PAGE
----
Why do I still teach Pilates after all these years?
The other day, I was attempting to explain, joint centration in relation to the hip joint, to a retired medical doctor who attends Pilates sessions when visiting her daughter and grandchildren in London. She took up Pilates in Sydney three years ago because of knee and hip related issues.
The topic of hip replacement came up – that it’s very common for people to have hip surgery in their 50s and 60s. A number of my yoga friends in that age bracket have undergone hip surgery. As my initial introduction to Pilates was addressing a hip issue, as a result of a water-ski accident, I have a continued interest in the topic of the hip and its relationship to the rest of the body.
Each joint has an ideal ‘fit’. The hip joint is the articulation between the thigh bone (the ball) and the pelvis (cup). The hip joint is happiest when the ball spins smoothly and freely in the cup.
- When you bring your thigh to the chest (hip flexion), the ball scoops out the cup as if a melon scooper were scooping out a melon. The scooping happens towards the back.
- When you take the thigh to the side (hip abduction), the scooping happens towards the middle.
- When you move the thigh across the body (hip adduction), the scooping happens towards the side.
- When you take the thigh to the back (hip extension), the scooping happens towards the front.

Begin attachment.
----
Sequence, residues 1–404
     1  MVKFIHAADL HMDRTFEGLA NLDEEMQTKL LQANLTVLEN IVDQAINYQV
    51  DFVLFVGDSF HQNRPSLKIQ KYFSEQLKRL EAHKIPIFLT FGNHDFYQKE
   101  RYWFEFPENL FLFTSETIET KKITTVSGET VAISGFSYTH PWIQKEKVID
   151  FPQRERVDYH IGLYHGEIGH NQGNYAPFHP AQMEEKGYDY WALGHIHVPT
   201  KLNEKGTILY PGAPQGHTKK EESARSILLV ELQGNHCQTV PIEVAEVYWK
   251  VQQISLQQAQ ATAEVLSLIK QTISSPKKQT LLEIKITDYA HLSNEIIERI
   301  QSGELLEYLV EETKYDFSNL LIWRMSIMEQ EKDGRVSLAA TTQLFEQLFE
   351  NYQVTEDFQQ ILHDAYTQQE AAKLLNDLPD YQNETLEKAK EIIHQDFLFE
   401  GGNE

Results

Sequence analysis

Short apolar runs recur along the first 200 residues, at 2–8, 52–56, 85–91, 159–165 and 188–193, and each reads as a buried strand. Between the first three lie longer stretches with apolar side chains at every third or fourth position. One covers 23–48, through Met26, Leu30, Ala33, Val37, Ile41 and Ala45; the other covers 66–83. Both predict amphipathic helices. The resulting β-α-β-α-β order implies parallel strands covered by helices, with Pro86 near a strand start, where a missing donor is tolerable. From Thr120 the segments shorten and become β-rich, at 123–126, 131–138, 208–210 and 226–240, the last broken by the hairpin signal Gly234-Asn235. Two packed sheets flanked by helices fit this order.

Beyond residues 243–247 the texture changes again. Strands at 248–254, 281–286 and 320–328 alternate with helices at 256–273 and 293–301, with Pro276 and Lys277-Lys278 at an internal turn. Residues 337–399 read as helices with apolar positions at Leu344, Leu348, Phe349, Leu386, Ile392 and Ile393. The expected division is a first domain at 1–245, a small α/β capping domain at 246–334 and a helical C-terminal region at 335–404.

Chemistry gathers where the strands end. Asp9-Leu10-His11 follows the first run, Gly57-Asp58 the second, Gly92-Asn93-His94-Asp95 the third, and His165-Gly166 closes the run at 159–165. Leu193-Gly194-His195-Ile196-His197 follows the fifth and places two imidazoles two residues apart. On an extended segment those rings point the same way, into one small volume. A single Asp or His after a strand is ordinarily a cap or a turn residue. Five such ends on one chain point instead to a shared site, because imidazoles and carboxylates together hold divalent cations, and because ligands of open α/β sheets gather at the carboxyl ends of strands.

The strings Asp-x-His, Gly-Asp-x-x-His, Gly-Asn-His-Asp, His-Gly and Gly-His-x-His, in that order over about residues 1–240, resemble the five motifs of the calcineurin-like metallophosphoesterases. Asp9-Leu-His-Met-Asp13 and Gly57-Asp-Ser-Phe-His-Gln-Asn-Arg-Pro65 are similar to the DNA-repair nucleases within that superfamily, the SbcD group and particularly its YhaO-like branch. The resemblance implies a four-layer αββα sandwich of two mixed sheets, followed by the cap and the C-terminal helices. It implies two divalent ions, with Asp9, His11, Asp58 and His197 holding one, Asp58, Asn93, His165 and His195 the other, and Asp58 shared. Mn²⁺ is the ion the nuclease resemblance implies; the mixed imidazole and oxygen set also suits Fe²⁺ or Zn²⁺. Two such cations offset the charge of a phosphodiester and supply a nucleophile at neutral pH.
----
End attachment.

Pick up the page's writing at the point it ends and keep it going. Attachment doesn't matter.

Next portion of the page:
When the capacity to scoop is missing, mobility is reduced in the hip joint, and that mobility will have to be found somewhere else in the body.
When executing these scooping actions, the pelvis has to disassociate from the movement of the thigh. Dissociation is when you are able to make a movement at a particular joint, such as the hip, without compensation elsewhere i.e. Leg slides involve disassociation of the hip, keeping the pelvis/lumbar spine joints stable. It is the capacity to stabilise the midline that allows the pelvis to stay in one position while the ball scoops or drops and glides in the socket.
You may hear our teachers talk about “torque farming” i.e. an invitation to create more stability in the joint prior to the movement, which is the key to moving safely and effectively. For example, to generate force from your hips while standing, ‘screw your feet into the ground’ means that you exert an outward force with your feet while keeping them in the same position. You are not turning them outward; you are just exerting force in an outward direction, creating more turning force and more stability which results in more efficient movement.
In fact, you can probably get away with missing a little bit of flexion and extension range of motion, bit if you are missing rotation at the hips, your body will default into structurally stable but inefficient positions. The missing scoop, glide, or roll in the hip socket can result in uneven wear of the cartilage, for which surgery is usually the eventual remedy. In my experience, people who undergo surgery are missing internal rotation.
Well executed Pilates exercises are fantastic for developing the awareness, mobility and stability to help in maintaining the ideal fit of our joints. “Bullet-proofing” your body for activities you love doing, maintaining healthy joints and allowing you to move with efficiency and grace.